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Intentional or accidental overdosage with Betapace (sotalol hydrochloride) has rarely resulted in death.
Symptoms and Treatment of Overdosage
The most common signs to be expected are bradycardia, congestive heart failure, hypotension, bronchospasm and hypoglycemia. In cases of massive intentional overdosage (2-16 grams) of Betapace (sotalol) the following clinical findings were seen: hypotension, bradycardia, cardiac asystole, prolongation of QT interval, Torsade de Pointes, ventricular tachycardia, and premature ventricular complexes. If overdosage occurs, therapy with Betapace (sotalol) should be discontinued and the patient observed closely. Because of the lack of protein binding, hemodialysis is useful for reducing sotalol plasma concentrations. Patients should be carefully observed until QT intervals are normalized and the heart rate returns to levels > 50 bpm. The occurrence of hypotension following an overdose may be associated with an initial slow drug elimination phase (half life of 30 hours) thought to be due to a temporary reduction of renal function caused by the hypotension. In addition, if required, the following therapeutic measures are suggested:
Bradycardia or Cardiac Asystole: Atropine, another anticholinergic drug, a beta-adrenergic agonist or transvenous cardiac pacing.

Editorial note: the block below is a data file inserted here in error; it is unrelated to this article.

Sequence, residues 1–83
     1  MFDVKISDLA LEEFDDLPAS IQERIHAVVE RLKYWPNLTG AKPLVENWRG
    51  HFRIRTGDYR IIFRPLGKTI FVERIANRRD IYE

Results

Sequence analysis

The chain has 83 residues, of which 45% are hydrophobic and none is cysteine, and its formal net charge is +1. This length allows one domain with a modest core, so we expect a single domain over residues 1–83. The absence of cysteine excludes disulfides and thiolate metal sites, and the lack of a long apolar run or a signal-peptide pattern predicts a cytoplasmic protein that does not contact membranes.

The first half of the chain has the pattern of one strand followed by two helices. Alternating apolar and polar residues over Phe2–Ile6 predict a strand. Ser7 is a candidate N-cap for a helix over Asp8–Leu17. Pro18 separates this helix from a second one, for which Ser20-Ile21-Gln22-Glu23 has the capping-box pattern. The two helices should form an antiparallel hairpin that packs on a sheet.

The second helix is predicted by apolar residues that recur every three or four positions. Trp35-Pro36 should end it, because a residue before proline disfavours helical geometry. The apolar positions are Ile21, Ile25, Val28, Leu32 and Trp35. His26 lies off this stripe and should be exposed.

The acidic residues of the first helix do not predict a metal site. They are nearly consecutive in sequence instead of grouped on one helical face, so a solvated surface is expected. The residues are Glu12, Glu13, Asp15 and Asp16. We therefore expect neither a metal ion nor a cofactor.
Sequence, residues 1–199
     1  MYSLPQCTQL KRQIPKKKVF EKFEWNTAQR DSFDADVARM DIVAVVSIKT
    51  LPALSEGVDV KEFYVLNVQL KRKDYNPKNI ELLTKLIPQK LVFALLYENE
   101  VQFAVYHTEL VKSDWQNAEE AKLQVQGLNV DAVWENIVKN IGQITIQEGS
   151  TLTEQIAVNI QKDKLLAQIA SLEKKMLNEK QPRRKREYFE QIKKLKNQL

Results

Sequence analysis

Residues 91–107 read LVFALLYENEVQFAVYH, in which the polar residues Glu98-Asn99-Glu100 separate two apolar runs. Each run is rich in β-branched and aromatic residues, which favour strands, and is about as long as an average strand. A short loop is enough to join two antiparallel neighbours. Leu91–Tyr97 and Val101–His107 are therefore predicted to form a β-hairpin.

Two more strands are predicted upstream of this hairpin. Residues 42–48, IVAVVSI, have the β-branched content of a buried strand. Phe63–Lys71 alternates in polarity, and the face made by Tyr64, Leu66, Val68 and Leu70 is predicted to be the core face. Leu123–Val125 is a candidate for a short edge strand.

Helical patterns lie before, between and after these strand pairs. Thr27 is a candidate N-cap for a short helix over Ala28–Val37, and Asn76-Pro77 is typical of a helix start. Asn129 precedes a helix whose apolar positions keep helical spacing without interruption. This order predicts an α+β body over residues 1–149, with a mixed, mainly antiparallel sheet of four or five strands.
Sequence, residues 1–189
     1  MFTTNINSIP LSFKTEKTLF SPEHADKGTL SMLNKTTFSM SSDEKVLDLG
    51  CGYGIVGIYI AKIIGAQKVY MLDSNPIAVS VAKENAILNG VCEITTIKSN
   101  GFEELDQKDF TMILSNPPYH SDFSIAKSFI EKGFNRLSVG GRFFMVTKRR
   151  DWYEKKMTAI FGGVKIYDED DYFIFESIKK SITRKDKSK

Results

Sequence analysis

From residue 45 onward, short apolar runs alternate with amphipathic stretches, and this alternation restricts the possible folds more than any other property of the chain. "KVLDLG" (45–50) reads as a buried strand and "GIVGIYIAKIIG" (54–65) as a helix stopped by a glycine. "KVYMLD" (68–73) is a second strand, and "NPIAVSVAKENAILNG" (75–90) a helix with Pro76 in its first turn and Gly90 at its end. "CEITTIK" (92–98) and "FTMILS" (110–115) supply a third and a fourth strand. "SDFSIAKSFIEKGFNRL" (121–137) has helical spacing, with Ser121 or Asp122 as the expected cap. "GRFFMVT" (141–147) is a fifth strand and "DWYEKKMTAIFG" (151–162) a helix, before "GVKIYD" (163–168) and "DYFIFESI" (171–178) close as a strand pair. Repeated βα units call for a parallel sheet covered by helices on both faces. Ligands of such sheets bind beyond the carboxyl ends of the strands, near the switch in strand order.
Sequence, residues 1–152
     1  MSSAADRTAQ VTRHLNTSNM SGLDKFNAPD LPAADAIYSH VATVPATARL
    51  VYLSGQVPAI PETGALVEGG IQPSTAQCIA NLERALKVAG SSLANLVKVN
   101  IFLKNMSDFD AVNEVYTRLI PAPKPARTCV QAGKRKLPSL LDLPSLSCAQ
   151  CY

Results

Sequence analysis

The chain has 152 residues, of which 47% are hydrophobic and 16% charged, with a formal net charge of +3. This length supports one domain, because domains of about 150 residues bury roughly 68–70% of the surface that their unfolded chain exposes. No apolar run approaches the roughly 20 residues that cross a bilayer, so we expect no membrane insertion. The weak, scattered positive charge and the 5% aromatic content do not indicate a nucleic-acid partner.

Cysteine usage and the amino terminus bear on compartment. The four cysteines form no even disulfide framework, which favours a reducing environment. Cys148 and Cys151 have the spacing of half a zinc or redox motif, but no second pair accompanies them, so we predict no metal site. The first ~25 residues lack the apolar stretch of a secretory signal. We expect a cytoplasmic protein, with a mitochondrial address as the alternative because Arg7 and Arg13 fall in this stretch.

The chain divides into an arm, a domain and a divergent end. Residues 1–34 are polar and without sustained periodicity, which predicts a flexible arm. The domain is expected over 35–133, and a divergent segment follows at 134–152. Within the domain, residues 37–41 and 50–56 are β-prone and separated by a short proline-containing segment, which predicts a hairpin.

Heart Block: (second and third degree) transvenous cardiac pacemaker.
Hypotension: (depending on associated factors) epinephrine rather than isoproterenol or norepinephrine may be useful.
Bronchospasm: Aminophylline or aerosol beta-2-receptor stimulant.
Torsade de Pointes: DC cardioversion, transvenous cardiac pacing, epinephrine, magnesium sulfate.
Betapace (sotalol hydrochloride) is contraindicated in patients with bronchial asthma, sinus bradycardia, second and third degree AV block, unless a functioning pacemaker is present, congenital or acquired long QT syndromes, cardiogenic shock, uncontrolled congestive heart failure, and previous evidence of hypersensitivity to Betapace (sotalol) .This monograph has been modified to include the generic and brand name in many instances.
Last reviewed on RxList: 3/24/2011
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